News and Press Releases

Former nixa employee sentenced for mail fraud, theft and money laundering

admits role in schemes totaling $756,000

July 26, 2010

SPRINGFIELD, Mo. – Beth Phillips, United States Attorney for the Western District of Missouri, announced that a former employee for the city of Nixa, Mo., was sentenced in federal court today for his role in a series of mail fraud and money laundering schemes totaling more than $756,000.

David W. Griggs, 45, of Willard, Mo., was sentenced by U.S. District Judge Richard E. Dorr to two years and eight months in federal prison without parole. The court also ordered Griggs to pay $272,718 in restitution, and to forfeit to the government $756,010 and a 1999 Dutchman travel trailer, which were obtained from the proceeds of the offenses.

On Aug. 27, 2009, Griggs pleaded guilty to conspiracy to commit mail fraud, theft from an organization receiving federal funds, and conspiracy to commit money laundering. Griggs was employed by the city of Nixa as a utility worker in the city’s street department from Nov. 6, 2003, to Feb. 8, 2006. He was promoted to be the lead utility worker on Aug. 4, 2004.

Co-defendant Larry W. Covington, 50, of Ash Grove, Mo., pleaded guilty on June 1, 2010, to his role in the conspiracy to defraud the city of Nixa. Covington was employed by the city of Nixa from March 6, 2000, to Feb. 23, 2009. He was appointed to be the superintendent of the street department on May 6, 2004.

Griggs and Covington used two fictitious businesses established by Griggs – Airborne Specialist (sometimes referred to as Airborne Specialists) and Tri-State Supply – to invoice the city of Nixa for approximately $273,645 in goods and services for the street department that were never provided. During the course of the conspiracy, 122 fraudulent invoices were submitted to the city.

Covington admitted that he prepared purchase orders for street department supplies that were invoiced by the two fictitious businesses. Covington caused the city to prepare purchase orders and falsely acknowledged receiving the items, which were never actually delivered.

Griggs established separate post office boxes for the two businesses. When the city mailed checks payable to the businesses, they were deposited into business bank accounts and Covington and Griggs split the proceeds. Griggs admitted that he conspired with others to conduct financial transactions involving the proceeds of the mail fraud.

Covington also admitted that he registered a third fictitious business, Ward & Spooner, which he repeatedly used to invoice the city of Nixa for goods and services that were never provided. Between Dec. 7, 2004, and Feb. 25, 2009, Covington submitted 150 fraudulent invoices totaling $482,365 to the city of Nixa for goods and services that were never provided. Covington repeatedly made false representations to the city that Ward & Spooner would supply goods and services, and falsely represented to the city that goods had been delivered and that services had been performed by Ward & Spooner by signing or initialing fraudulent invoices.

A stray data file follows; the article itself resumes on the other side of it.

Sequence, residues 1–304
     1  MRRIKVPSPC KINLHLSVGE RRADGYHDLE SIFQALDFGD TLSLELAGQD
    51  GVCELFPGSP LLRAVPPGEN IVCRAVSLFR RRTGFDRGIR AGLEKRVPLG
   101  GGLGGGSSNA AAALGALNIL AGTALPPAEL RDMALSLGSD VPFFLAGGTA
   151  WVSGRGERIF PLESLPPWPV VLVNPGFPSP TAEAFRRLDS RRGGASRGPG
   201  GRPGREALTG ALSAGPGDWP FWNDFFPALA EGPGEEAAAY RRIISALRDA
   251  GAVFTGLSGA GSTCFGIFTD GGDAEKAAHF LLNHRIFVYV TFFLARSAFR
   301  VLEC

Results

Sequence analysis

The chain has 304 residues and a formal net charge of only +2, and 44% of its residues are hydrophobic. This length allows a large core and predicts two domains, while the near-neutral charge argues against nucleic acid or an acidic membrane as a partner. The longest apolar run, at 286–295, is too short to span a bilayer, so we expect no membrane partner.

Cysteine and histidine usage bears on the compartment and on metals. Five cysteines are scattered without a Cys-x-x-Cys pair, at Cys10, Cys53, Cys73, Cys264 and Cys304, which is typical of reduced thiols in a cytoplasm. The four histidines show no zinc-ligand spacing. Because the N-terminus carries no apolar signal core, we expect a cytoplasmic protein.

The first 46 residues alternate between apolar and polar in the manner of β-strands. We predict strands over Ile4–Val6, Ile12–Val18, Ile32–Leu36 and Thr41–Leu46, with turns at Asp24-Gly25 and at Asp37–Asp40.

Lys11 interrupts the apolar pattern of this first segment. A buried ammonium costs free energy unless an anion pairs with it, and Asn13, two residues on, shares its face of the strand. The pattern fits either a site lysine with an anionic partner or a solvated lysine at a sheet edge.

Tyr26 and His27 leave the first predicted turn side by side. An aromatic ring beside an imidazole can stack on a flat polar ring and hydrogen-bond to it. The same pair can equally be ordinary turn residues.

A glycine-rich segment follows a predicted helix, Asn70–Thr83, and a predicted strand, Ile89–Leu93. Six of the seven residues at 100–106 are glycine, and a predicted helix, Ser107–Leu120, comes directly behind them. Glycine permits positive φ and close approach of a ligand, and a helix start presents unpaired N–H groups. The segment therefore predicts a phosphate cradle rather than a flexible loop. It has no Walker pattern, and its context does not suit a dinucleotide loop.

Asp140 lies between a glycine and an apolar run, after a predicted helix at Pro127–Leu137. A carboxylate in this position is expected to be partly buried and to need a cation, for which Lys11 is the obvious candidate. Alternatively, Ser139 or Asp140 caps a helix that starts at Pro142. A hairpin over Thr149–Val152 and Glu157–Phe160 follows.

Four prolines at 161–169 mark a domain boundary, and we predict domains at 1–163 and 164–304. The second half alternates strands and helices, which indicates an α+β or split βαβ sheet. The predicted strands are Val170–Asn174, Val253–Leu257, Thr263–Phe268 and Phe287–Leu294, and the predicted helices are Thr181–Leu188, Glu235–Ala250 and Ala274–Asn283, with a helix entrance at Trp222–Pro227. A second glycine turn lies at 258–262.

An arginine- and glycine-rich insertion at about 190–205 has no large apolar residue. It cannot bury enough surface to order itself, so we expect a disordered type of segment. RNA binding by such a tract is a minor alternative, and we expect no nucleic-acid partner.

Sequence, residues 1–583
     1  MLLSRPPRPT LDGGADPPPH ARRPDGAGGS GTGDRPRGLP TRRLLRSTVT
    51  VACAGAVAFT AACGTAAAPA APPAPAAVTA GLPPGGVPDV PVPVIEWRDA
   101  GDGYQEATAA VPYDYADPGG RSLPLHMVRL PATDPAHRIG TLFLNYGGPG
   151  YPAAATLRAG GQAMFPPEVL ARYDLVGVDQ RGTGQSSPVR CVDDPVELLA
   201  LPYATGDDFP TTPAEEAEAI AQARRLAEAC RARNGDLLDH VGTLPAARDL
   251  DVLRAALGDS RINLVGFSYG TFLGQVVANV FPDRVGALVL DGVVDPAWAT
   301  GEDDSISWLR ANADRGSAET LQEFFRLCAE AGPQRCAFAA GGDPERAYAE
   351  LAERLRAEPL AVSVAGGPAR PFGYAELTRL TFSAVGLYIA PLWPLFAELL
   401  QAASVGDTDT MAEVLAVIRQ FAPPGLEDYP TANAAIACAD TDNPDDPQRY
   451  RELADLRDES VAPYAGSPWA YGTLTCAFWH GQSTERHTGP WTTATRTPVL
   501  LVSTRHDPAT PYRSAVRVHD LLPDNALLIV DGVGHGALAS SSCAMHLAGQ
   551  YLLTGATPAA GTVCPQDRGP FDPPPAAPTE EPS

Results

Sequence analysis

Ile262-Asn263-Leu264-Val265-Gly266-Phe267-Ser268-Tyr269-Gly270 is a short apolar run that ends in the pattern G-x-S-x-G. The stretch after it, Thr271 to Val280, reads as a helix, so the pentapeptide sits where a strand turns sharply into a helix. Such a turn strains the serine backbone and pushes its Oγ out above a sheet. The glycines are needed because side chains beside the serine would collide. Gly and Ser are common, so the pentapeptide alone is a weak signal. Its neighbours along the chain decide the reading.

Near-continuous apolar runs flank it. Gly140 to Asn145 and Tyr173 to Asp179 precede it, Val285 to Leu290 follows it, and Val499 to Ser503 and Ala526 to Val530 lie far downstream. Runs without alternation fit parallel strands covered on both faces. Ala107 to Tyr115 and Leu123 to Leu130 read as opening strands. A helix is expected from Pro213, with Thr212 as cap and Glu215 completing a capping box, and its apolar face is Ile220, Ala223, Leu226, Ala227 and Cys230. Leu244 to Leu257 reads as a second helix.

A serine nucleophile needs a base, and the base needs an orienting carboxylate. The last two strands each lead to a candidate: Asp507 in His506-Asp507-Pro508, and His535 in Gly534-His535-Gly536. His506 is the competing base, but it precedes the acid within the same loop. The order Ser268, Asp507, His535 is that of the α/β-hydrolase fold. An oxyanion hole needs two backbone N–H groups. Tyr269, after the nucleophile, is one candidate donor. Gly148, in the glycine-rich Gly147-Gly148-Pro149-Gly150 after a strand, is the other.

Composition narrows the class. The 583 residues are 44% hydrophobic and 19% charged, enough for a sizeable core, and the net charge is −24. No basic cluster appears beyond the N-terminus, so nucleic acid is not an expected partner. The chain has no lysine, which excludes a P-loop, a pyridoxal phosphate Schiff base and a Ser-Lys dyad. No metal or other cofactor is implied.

Covington also admitted that he participated in a mail fraud conspiracy related to financial transactions involving the proceeds of the mail fraud.

Covington’s wife, Paula K. Covington, 53, of Ash Grove, pleaded guilty to money laundering. She admitted that she used the proceeds of the fraud scheme to purchase American Kennel Club-registered Labrador retrievers and a four-hole, homemade dog trailer. When her husband was arrested on state charges on Feb. 24, 2009, she contacted the owner of Lone Oak Retrievers and directed him to immediately sell three of the dogs.

On March 3, 2009, the owner of Lone Oak Retrievers sold three of the dogs. Paula Covington directed him to remit the $10,881 in proceeds to another person’s account at Liberty Bank. On March 6, 2009, $10,640 was withdrawn from the Liberty Bank account and used to purchase two cashier’s checks totaling $10,636. Both of the cashier’s checks were made payable to Advanced Bail Bonds of Ozark, Mo., for the purpose of posting bond for Larry Covington.

Paula Covington admitted that the money from the sale of the dogs represented the proceeds of mail fraud. She also admitted that the financial transactions involved – including the wire transfer of funds into Liberty Bank and the withdrawal of the funds in order to purchase the cashier’s checks to pay the bonding company – was designed to disguise the fact that the money from the fraud scheme was used to post bond.

This case is being prosecuted by Supervisory Assistant U.S. Attorney Michael S. Oliver. It was investigated by the Nixa, Mo., Police Department, the Federal Bureau of Investigation and IRS-Criminal Investigation.

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